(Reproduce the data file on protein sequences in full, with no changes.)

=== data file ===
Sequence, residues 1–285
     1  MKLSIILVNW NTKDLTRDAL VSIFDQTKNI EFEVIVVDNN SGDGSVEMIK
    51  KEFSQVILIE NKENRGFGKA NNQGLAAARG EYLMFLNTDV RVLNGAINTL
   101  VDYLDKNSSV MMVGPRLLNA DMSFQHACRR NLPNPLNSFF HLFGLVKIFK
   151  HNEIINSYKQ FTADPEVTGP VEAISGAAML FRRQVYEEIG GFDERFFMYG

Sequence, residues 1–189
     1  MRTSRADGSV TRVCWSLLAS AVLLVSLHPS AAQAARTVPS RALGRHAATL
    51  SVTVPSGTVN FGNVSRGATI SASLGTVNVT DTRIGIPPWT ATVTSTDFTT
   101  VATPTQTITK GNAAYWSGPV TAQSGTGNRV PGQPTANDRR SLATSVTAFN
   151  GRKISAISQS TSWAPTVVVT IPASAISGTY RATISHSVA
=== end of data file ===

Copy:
Sequence, residues 1–285
     1  MKLSIILVNW NTKDLTRDAL VSIFDQTKNI EFEVIVVDNN SGDGSVEMIK
    51  KEFSQVILIE NKENRGFGKA NNQGLAAARG EYLMFLNTDV RVLNGAINTL
   101  VDYLDKNSSV MMVGPRLLNA DMSFQHACRR NLPNPLNSFF HLFGLVKIFK
   151  HNEIINSYKQ FTADPEVTGP VEAISGAAML FRRQVYEEIG GFDERFFMYG

Sequence, residues 1–189
     1  MRTSRADGSV TRVCWSLLAS AVLLVSLHPS AAQAARTVPS RALGRHAATL
    51  SVTVPSGTVN FGNVSRGATI SASLGTVNVT DTRIGIPPWT ATVTSTDFTT
   101  VATPTQTITK GNAAYWSGPV TAQSGTGNRV PGQPTANDRR SLATSVTAFN
   151  GRKISAISQS TSWAPTVVVT IPASAISGTY RATISHSVA